Where: The Liquor Store, 3341 SE Belmont Ave. Portland, OR
“Oh hey, Matt! You just finish? Wanna come down to the Liq for a beer?”
In this neighborhood, everyone in the industry knows everyone. Restaurant workers finish their day, they go down the to bar their buddy works at for a post-shift. After two years, I can only say I’m a “regular” at a few bars- places where they know my face, and what drink I’m about to order. It’s a good feeling, and if I’m honest I hit the bars up in a rotation just so no one feels slighted.
If you know Victor, though- you find yourself a regular EVERYWHERE.
In every restaurant, there is (or should be) “a guy.” A man of means. Possibly crazy, possibly criminal, but with a good heart who’s been known to make things “appear” from time to time. A guy who can talk his way into and out of anything- and who has been thrown out of more places than you knew existed.
Victor the barista is our “guy” at the cafe. He’s the one that just recognized me on my bike after work.
Beer o’clock, it is.
Victor and I lock up our bikes and walk in. The wood-paneled room and large horseshoe bar are immediately welcoming after a long day of work, and the wood is cool and smooth on my forearms as I belly up. Meghan is pouring tonight- fun and polite, but businesslike. She’s working, and you know it. Meghan doesn’t need to ask Victor what he’s feeling- he’s Victor. Before I can pull my wallet, Victor springs for a second PBR for me.
Swigging from the cold can, my eyes roam over the room. Sparse on an early evening, but that’s common. The Liquor Store has a basement concert venue, and they have entertainment down there nearly every night. After 8 or so, the place is gonna fill up fast. I enjoy the peace while it’s there.
On a small projection screen above the bathrooms, they are showing Fritz Lang’s “Metropolis.” They love showing old movies and retrospectives here- once it was Chaplin’s “The Great Dictator,” another time a Bob Dylan documentary. Music reigns supreme here- from their wall of vinyl, to their live concerts, to occasional live DJs spinning their collection, you really do show up for the music as much as anything.
For real, that’s how it’s written in the menu. Their own blend of flavors and liquor, with a floating garnish of juniper berries and hibiscus flowers, slowly turning the drink pink as it sits- mating the evergreen gin with the tart fruit of the flowers. You’ll never be so happy to nurse a drink in your life, rather than knock it back. It’s not alone, though- their award-winning cocktail menu boasts a few other noteworthy libations- the “Viejo Fashioned” and “Lower East Side Manhattan” (made with rye whiskey, of course) being personal favorites of mine.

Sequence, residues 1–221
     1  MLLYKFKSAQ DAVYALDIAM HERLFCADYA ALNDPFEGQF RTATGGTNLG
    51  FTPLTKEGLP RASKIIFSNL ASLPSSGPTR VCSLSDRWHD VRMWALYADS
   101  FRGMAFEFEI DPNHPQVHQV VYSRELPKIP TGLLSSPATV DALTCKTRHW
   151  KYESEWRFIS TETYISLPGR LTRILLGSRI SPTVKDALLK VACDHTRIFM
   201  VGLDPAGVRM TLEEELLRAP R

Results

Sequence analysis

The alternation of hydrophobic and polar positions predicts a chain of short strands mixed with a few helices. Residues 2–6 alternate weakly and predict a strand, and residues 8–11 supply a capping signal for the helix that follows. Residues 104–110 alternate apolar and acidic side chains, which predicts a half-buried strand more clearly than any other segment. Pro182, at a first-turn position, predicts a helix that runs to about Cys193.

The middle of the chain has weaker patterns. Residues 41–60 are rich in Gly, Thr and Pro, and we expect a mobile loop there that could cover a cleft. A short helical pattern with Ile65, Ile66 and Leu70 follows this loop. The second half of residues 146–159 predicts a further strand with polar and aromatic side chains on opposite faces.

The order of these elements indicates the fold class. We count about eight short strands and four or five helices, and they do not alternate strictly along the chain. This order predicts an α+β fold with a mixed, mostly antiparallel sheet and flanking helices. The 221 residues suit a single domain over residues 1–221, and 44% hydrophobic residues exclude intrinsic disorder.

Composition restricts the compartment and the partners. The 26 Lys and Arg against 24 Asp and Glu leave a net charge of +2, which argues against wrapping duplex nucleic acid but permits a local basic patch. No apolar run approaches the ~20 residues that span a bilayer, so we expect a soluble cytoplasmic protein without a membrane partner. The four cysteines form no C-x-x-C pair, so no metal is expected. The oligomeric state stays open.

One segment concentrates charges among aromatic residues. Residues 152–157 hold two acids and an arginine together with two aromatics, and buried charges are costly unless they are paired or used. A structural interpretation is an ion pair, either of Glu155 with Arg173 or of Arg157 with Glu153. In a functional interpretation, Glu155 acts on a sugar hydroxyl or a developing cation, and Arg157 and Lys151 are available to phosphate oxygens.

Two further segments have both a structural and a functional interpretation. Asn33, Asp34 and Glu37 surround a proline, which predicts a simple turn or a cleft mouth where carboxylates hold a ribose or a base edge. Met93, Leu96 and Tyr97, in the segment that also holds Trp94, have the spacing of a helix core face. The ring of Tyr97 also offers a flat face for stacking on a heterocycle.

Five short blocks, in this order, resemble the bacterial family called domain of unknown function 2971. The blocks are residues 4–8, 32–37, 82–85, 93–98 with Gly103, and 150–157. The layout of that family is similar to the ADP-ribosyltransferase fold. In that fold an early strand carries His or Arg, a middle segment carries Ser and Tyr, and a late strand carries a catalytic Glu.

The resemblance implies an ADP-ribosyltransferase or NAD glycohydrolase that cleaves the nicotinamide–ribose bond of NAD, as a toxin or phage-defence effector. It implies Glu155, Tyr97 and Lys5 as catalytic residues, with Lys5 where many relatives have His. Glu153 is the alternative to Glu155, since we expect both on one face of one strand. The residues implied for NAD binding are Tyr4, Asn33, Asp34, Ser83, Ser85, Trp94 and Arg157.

Mike has a flare for taking what he’s got and going in odd directions with it. How better to use ALL of the chips from their Iron Skillet Nachos? Sautéed Broccoli Crunch, of course. Happy hour is going slow on Mondays? A $2 personal pizza special, with crispy thin crust and toppings to change by the week.
I knock back the remainder of my (VERY pink) gin and tonic. I’d better get home.
I catch Megan’s eye as she flashes past, and a simple “cut me off” gesture. She understands, and a few minutes later my check is folded up in a copy of “The Sound and the Fury” by William Faulkner- classic paperbacks being their favorite form of checkbook.
“Later, Victor- gotta get home.”
‘Oh okay, later man! We gotta do this again- have a good one!”
“You too, man. Be safe!”
“Aw, you know me, dude.”
“Yeah, that’s why I said it.”
When: I find early evenings are best for a quiet drink. Look up their performance schedule for when it’ll get crowded.
Why: Because you just finished work, and you just want to meet a friend or two for a quick drink and maybe a bite. Not feeling dinner quite yet, but maybe a snack or something? Who’s playing tonight?
How: Walk on in and sit down. Alternatively, you can go look for Victor…